|Here come the goats! Here come the goats!|
When I first moved here, the realities of what I thought my job would be and what it actually turned out to be was a bit jarring. I imagined I’d be delivering of goats to women-farmers while they sang, danced and ululated around me in the sunshine of a bucolic farmyard. Instead, I’ve developed a hunchback and squint-eye compiling bid matrices and no-conflict-of-interest forms in triplicate that justify why Fatso Investments (name of real firm) has the best goats for the best price.
Complaining one night over beers, a good friend of mine (who works in the UN system) laughed and then advised. “Remember, your job is not to do your job. It’s to cut through all the bureaucracy to enable someone else to do their job.” I laughed, ruefully.
This perspective just doesn’t mesh with the humanitarian stereotype. You know, the one of a Westerner who has assimilated perfectly to their adopted homeland. S/he lives in a mud hut, happily without electricity, eating street food, and cheerfully taking public transportation. They speak the language, get all the formalities correct, never point their feet where they shouldn’t. As such, they are able to do really effective cool stuff. They hand out blankets to AIDs orphans, mobilize community health programs, and rehabilitate boreholes with a toothpick and a smile.
I will never be one of these people.
I used to feel so guilty about this. Sure, I’ve eaten street food and murdered “thank you” in eight languages, but I can never quite move from “clumsy outsider” to “effective local”. I like roadside samosas as much as the next person, but that doesn’t make me Indian. I can admire, adopt even, certain things out of respect and even, enjoyment. I can slow down when I talk. Share my food. Sit in the driver’s office and get the gossip. But I’ll never be Malawian. The best I can hope for is cultural competence, not fluency.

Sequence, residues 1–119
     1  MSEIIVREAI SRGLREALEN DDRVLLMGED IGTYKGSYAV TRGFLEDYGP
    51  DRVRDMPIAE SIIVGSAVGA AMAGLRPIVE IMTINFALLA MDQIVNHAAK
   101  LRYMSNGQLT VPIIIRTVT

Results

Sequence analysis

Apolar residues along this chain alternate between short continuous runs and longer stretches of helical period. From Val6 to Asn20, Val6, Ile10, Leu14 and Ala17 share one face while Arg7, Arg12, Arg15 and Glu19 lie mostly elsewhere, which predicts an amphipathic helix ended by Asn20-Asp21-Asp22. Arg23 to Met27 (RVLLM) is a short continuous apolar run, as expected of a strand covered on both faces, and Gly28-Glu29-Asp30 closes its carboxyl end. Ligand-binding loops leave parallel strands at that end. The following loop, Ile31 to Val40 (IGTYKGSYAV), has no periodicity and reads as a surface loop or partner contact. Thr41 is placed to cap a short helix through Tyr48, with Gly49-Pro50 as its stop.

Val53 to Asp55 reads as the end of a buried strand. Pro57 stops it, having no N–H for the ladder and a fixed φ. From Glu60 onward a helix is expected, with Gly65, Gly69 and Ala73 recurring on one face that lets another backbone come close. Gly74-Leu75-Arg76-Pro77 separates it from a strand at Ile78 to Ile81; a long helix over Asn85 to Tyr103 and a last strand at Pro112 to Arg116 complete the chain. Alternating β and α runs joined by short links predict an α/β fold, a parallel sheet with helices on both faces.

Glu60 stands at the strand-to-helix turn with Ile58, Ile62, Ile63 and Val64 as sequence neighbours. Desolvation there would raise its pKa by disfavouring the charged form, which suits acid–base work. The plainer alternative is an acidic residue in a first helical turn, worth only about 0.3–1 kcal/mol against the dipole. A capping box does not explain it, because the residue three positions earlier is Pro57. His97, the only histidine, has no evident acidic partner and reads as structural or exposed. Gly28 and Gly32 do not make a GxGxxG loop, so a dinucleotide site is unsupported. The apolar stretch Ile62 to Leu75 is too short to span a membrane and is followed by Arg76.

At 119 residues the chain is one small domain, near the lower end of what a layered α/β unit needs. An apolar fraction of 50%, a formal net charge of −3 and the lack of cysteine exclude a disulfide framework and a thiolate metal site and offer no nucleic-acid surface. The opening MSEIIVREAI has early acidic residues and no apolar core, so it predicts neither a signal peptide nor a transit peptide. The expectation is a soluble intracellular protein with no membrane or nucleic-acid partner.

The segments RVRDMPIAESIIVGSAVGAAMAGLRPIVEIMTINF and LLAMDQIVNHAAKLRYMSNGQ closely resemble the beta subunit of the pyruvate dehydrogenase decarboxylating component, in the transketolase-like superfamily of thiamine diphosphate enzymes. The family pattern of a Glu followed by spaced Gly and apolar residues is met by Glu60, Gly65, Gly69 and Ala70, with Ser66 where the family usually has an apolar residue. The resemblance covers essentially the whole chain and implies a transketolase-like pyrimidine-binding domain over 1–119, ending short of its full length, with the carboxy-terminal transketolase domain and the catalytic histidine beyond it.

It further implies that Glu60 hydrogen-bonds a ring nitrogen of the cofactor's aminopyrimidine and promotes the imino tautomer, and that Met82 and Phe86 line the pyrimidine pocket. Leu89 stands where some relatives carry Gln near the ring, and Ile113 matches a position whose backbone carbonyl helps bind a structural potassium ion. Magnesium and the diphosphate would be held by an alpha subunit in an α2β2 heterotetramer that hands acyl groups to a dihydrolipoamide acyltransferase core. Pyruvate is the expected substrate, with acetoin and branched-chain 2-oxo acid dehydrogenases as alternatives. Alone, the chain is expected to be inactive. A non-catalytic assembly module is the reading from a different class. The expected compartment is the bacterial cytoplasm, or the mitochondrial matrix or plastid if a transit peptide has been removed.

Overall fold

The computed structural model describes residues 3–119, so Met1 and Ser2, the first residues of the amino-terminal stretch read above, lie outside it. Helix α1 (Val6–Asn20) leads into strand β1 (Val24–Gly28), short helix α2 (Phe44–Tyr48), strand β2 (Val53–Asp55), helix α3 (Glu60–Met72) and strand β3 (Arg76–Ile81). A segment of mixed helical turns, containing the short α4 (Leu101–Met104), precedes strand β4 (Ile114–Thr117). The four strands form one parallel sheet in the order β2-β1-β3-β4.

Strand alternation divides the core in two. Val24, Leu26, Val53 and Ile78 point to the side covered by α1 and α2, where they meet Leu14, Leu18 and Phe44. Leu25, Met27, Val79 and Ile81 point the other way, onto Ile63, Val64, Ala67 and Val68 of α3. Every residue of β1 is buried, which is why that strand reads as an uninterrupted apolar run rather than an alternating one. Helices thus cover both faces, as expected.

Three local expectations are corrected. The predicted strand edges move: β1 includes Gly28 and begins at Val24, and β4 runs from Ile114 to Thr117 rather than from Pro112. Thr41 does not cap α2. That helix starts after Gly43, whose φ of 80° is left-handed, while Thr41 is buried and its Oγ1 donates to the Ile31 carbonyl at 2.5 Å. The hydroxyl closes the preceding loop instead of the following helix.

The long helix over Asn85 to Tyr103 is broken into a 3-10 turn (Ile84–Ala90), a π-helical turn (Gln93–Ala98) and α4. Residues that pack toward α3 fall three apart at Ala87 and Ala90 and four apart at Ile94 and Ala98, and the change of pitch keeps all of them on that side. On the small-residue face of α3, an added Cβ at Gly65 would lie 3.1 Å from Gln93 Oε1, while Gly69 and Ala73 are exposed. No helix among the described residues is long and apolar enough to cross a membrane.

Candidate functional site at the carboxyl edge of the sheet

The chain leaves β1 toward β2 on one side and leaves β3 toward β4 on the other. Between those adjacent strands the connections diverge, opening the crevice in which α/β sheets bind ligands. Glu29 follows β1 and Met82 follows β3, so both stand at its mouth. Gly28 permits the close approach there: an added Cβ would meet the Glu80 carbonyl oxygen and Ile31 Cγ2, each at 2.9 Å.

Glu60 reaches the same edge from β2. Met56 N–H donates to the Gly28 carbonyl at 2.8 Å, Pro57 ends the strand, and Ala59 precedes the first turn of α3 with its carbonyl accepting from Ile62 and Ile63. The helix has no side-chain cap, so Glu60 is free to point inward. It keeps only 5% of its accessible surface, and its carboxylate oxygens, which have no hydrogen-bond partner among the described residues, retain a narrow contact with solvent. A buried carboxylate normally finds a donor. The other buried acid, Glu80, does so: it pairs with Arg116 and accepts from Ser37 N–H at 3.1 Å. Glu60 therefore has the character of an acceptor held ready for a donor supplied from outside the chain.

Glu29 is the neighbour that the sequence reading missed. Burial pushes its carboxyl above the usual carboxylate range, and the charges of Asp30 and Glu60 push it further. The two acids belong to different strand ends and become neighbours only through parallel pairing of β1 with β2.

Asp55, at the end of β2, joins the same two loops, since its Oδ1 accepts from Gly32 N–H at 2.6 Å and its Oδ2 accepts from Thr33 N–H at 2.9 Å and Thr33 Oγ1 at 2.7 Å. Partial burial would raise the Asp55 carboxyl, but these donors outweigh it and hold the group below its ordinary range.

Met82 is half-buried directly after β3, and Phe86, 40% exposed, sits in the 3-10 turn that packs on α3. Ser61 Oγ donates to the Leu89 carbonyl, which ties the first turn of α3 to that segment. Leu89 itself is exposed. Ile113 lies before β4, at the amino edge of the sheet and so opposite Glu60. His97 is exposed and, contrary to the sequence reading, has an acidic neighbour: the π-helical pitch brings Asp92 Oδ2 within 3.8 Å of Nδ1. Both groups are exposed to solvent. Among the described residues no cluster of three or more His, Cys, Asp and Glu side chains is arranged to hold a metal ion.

I’ve gone round the emotional mill on this (sad, angry, frustrated, guilty). The development stereotype tells me that I should be good at all these things - but I’m just not. I have spent the last ten years carrying residual guilt about this until, last week, something caught my eye on a recent post on AidSpeak. J., was expounding on the skills needed to be a good development professional:
The value that foreigners (us) bring to the table is less and less about our knowledge and understanding of the details of local culture (local staff usually know organically in a few seconds those things that take us months or years of study to get right), or our ability to endure harsh conditions (the fact that we might be able to live like refugees for a few days almost never impresses real refugees), and more and more about our ability to engage with the global humanitarian system.
Suddenly, I feel so much better. I've stopped beating myself up over this.
The truth is, I don’t think these people actually exist the way we think they do. And even if they did, there’s an awful lot of tedium that you don’t hear about in the run up to becoming that effective. Never once do you hear about cleaning data sets or editing quarterly reports. No one ever spends hours waiting for the lights to turn back on, or the government official to show up or fixing crashed computers. But those things need to be done.
This misconception has to change. We have to start being honest about what development work looks like. And sometimes, it's boring.
Our lead farmers and local staff know Chichewa and how to castrate a goat much better than I do. But I do know how to jump the hoops of procurement and the industry terms (allowable and allocable anybody?) to get those darn goats in the first place. I can practically quote 22 CFR 226 in my sleep. The thing is, I never valued these things as “skills” because that’s not what I thought a “good” development practitioner did. The mundane is always overlooked, undervalued.
That’s not to say understanding local context is unimportant for expats, or examining the intricacies of the global humanitarian system are impossible for locals. I’m just saying: Let’s each play to our comparative advantage. My comparative advantage will never be goat vaccinations and chatting away in Lao/Chichewa/Hausa. It is in understanding and following a donor system, their regulations, and smoothing the way for smart, creative local staff who understand their culture and their context to do their job.
My friend was right, it's not my job to do my job. It's to pave the way for someone else. That realization adds so much value, so much relief, it almost makes the paperwork...palatable.